Sweden has banned the use of Huawei equipment on its 5G network on the 3.5 GHz band. The Stockholm decision joins other European countries that banned the telecom company for national security reasons.

According to the Swedish Telecommunications Authority (PTS), the ban is a consequence of a new law passed in early 2020 following the assessment by military and intelligence authorities to “safeguard that the radio use according to the license does not cause harm to Sweden’s security.”

In a statement issued on Tuesday, the tenders’ authority made it clear that the use of the Chinese company ZTE will not be allowed. Both companies must remove equipment already installed before Jan. 1, 2025.

Goodbye to the Chinese companies

Following the PTS’s announcement, neither Huawei nor ZTE companies can participate in the first tenders for the 5G network (3.5 GHz band) in Sweden to be auctioned in November.

For these frequency auctions, the PTS has selected the operators Hi3G Access (Tre), Net4Mobility (Tele2 and Telenor), Telia Sweden, and Teracom. 

In addition to the formal examination of applications, consultations have been held with the Swedish armed forces and security agencies to ensure that the infrastructure’s use does not jeopardize the country’s security.

“The influence of the one-party state on the country’s private sector implies strong pressure on companies to act under the state objectives and national strategies of the Chinese Communist Party,” the agency said in justifying its veto of Chinese suppliers.

The agency adds that in this context the Swedish security forces consider the CCP and its intelligence service “can influence and put pressure” on Huawei and ZTE.

Europe joins the United States and turns its back on the Chinese Communist Party

With this measure, Stockholm joins other European countries and nations such as Australia and Japan—that have prohibited the installation of equipment by Huawei, the company accused of having close ties with the People’s Liberation Army of the Chinese Communist Party (CCP).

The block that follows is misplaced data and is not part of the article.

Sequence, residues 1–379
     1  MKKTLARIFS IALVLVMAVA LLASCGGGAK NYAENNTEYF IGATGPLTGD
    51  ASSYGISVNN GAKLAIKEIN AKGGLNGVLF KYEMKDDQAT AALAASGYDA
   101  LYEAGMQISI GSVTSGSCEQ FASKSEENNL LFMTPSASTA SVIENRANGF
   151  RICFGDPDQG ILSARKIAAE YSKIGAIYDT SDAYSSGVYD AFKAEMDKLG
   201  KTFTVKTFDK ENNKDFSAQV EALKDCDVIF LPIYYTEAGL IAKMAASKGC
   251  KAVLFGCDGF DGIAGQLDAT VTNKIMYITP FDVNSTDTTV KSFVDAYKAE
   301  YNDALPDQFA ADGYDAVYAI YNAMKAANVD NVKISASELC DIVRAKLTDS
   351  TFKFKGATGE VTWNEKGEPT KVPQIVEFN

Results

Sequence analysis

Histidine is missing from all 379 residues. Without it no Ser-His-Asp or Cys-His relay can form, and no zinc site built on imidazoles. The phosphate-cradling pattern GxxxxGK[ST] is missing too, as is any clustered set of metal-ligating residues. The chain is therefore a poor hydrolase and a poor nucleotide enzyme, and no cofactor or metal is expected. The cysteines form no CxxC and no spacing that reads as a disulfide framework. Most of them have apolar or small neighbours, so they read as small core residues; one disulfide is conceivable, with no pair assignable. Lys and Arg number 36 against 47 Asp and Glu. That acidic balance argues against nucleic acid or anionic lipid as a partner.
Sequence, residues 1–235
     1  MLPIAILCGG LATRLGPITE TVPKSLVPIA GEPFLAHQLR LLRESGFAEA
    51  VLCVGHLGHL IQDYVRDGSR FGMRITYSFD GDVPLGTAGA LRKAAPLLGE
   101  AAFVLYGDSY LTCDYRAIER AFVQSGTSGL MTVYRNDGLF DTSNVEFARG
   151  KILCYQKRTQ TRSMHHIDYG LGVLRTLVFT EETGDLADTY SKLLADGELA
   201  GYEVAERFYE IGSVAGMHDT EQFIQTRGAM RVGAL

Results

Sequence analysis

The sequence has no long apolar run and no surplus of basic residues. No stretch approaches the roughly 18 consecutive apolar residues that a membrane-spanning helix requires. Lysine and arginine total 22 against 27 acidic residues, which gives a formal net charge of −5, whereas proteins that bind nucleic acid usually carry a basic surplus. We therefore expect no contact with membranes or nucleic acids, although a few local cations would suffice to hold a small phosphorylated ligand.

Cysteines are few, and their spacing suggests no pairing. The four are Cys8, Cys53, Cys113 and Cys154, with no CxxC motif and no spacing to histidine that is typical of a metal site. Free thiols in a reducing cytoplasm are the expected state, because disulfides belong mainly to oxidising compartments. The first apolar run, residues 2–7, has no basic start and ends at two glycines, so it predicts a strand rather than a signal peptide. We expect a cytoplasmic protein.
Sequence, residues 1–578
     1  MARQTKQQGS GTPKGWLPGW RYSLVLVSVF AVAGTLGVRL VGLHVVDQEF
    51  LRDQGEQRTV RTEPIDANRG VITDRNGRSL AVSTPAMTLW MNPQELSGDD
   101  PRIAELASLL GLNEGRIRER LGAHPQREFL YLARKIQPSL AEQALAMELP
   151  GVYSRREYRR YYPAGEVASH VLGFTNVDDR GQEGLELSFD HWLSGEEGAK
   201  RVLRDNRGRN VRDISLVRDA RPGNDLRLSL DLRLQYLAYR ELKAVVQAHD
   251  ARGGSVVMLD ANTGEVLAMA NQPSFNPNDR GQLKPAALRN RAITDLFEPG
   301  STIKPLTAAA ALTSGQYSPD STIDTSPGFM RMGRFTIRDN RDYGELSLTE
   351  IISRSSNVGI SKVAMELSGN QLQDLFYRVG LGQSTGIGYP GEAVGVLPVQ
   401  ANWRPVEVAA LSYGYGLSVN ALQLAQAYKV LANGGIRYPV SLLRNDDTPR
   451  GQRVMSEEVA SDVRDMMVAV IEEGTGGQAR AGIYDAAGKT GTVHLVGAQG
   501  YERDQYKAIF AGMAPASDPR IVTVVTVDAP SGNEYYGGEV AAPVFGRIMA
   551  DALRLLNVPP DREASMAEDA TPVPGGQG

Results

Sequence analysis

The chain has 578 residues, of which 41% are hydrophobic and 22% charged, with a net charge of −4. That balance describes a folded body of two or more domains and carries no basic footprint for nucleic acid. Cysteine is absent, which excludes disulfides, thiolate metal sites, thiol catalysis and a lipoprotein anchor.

In France, the Chinese equipment manufacturer will not be subject to a total ban on the 5G mobile internet market. Still, operators already using Huawei will have operating licenses limited to eight years.

This month, the Orange and Proximus companies, dispensing with Huawei, chose Nokia to provide them with the equipment and infrastructure necessary to build 5G networks in Belgium.

While Italy has not yet banned Huawei—and has joined the One Band, One Route initiative last year—its primary telecommunications operator has decided not to use the Chinese company’s 5G equipment.

In early September, Telecom Italia’s CEO, Luigi Guibitosi, said there would be no problem developing 5G even if Huawei were banned. According to a report by the South China Morning Post, he said that its leading partner is Sweden’s Ericsson.

Also, Germany—a country with strong business ties with China is trying to introduce new rules to ensure the security of 5G networks that would amount to a de facto exclusion of the Chinese company, according to the SCMP.

The National Defence Committee of the British Parliament stated this month that there is clear evidence that the company headed by Ren Zhengfei is in collusion with the CCP and therefore represents a threat to the country’s security.

That is why he urged Boris Johnson’s government to withdraw all telecommunications company equipment by 2025.

In July, the Prime Minister had ordered Huawei to leave Britain’s 5G networks by 2027 amid fears of espionage and sabotage and following harsh U.S. sanctions against the company that affects its supply of updated chips.

However, the defense committee said the purge should take place two years earlier, even if such action means a financial penalty.

They said the world’s leading democracies should align to counter the threat from the CCP and other dictatorships around the world.

“The Committee supports the proposal to form a D10 alliance, consisting of ten of the world’s largest democracies, to provide alternatives to Chinese technology and to combat the technological dominance of authoritarian states,” the report said.

“The West must urgently unite to advance a counterweight to China’s tech dominance,” added Committee Chairman Tobias Ellwood.

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